Will  by Eusong Lee (Animation)

I’m all about to give up on the whole 9/11 theme, but Eusong Lee just needed four and a half minutes to pull me back in. Let me tell you, a telephone call and a yoyo could actually change your life. With stirring music and precise sound editing from the team including Julian Kleiss, it serves a whole plate of emotions whether you lost your dad in 9/11 or not.


Father and Daughter by  Michael Dudok de Wit (Animation)

This won the 2000 Academy Award for Best Short. It’s beautifully illustrated and the shots are stunning in sepia, grey, and tinges of blue and green. A father says goodbye to his daughter and rows off into the sea. Every moment afterwhich, you feel a sense of longing, hope, then incremental sadness.


Last but not least is a recent favorite…

Cargo by Ben Howling & Yolanda Ramke

This one deserved a separate post when I first saw it, and everytime I watch it, it has the same effect on me. This one is closest to my heart. I could have been Rosie and my dad would have done exactly the same thing.


This seems like such a somber list. For a happier note to Father’s Day, here’s Gridlock – sarcastically funny. Enjoy!

Father’s Day Festival

I’m pretty sure I’ll be perusing my collection for a Father’s Day short film (I just love ’em!) but there’s just something about this holiday that coerces me to dedicate a personal festival to it. Perhaps it’s the undeniable fact that I am a daddy’s girl, my father’s princess. I’ve come to the point that I unabashedly admit this. We have a weirdly special relationship. Or perhaps it’s because my stone heart rarely weeps for films, although it squeezes out tears when it’s a scene with a father and his daughter. Such occasions baffle my senses. Whether they are my strong suit or my kryptonite, father-daughter films have a hold on me.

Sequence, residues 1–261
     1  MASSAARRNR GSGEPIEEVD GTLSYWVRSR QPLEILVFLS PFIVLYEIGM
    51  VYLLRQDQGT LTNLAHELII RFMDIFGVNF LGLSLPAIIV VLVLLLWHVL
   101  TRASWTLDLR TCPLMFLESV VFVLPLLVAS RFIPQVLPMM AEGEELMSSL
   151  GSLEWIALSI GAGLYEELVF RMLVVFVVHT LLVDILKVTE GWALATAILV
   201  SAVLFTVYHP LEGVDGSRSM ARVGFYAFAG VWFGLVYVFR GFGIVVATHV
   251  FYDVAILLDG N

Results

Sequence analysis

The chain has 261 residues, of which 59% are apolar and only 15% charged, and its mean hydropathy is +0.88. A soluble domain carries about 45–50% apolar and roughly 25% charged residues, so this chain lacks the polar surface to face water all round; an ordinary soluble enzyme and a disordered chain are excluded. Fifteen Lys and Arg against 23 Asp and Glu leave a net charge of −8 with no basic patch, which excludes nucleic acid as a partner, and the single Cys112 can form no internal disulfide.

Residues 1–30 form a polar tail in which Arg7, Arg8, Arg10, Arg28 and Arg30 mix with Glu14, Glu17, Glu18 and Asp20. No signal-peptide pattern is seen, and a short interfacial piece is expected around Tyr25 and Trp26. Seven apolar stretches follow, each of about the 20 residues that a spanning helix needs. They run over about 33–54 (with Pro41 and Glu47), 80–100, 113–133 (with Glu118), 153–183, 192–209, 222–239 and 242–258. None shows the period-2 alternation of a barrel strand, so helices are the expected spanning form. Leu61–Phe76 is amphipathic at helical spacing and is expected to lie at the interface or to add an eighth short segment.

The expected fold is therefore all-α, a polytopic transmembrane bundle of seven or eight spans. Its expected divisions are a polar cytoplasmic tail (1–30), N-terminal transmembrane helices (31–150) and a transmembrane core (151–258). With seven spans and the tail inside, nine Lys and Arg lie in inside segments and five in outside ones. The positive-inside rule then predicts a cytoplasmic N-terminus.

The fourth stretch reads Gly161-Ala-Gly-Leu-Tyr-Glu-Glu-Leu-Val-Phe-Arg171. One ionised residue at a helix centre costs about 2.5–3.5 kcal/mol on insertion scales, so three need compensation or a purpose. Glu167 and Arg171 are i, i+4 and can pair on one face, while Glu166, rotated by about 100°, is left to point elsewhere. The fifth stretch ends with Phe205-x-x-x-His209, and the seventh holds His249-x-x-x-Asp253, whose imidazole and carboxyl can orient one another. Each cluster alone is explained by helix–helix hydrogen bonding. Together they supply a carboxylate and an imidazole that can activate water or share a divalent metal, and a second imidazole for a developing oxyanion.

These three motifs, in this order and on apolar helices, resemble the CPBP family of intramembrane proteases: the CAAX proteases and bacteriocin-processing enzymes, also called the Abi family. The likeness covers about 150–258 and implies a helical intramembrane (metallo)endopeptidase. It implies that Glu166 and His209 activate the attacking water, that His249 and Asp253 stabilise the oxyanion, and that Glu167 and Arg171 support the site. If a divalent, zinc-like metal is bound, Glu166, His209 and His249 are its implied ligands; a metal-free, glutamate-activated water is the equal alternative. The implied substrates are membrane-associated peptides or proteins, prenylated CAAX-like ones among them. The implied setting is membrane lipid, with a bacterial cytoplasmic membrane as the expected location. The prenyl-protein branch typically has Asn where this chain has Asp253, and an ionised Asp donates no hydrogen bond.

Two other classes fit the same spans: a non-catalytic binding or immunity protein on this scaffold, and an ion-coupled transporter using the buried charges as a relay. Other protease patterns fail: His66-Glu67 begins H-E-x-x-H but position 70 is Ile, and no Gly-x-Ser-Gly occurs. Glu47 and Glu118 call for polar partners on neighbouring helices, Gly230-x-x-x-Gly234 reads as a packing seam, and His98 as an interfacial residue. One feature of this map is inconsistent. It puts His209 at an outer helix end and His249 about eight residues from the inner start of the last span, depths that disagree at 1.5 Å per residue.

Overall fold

Favorites! – have watched this and have turned my stone heart into wet tissues

1. Armageddon (1998) – Never fails! Bruce Willis, why did you have to break your promise? Why did you let your daughter say goodbye to you through a crackly screen? Why?


2. Grace is Gone (2007) – Father has to tell his two daughters that their mom dies in Iraq. On a beach. After a road trip. WTH. Thanks Clint Eastwood for the tearful soundtrack.

3. The Descendants (2011) – All right, this one didn’t really make me cry but it was still a refreshing film during that season. Well-acted, beautifully scored.


4. La vita è bella (1997) – I cannot believe this is not included in the list to see before I die. It’s one of the greatest stories and one of the saddest endings ever. Never mind it’s not father and daughter, tears for both laughter and heartache. Principessa!

5. To Kill a Mockingbird (1962) – How a father is seen through the eyes of the daughter. One of the most powerful books put into film.



Challenges! – let’s test the waters in my eyes

1. Kramer vs Kramer (1979) – Okay so this doesn’t really involve a daughter, but still.


2. Tree of Life (2011) – Terrence Malick, I am a fan. Will watch.

3. The Bicycle Thief  (1948) – Simple story of a father looking for his bike, or so we think. Must watch.




**Italicized titles are included in the list of 1011 Movies You Must See Before You Die which means, they get me closer to the end of my quest

Short: This is Vanity (2012)

From: United Kingdom

Director: Oliver Goodrum

Major crying happened. Seeing that the film is 20 minutes long, it could have been a challenge to watch online especially now that we have shorter attention spans and much shorter stolen in-between work breaks. But less than 2 minutes into the film, you know you’re hooked. I was. The literally explosive beginning just draws you right in and will not let you go.

It’s daunting and terrifying and pitiful and gut-wrenching all at the same time; your heart can only take too much. But you want to know how far a mother’s love can reach and how cruel society can become. You already know the ending but you want to find out how it got there. The narrative is utterly captivating and the direction and cinematography is hard-hitting. And to know that this is based on a true story is just beyond comprehension. My stone heart rarely wimpers, but like I said, in this case, major tear-shedding happened.



What this film holds for me:

What: major crying

Who: Angela, the priest

How (I felt): guts out, flood of tears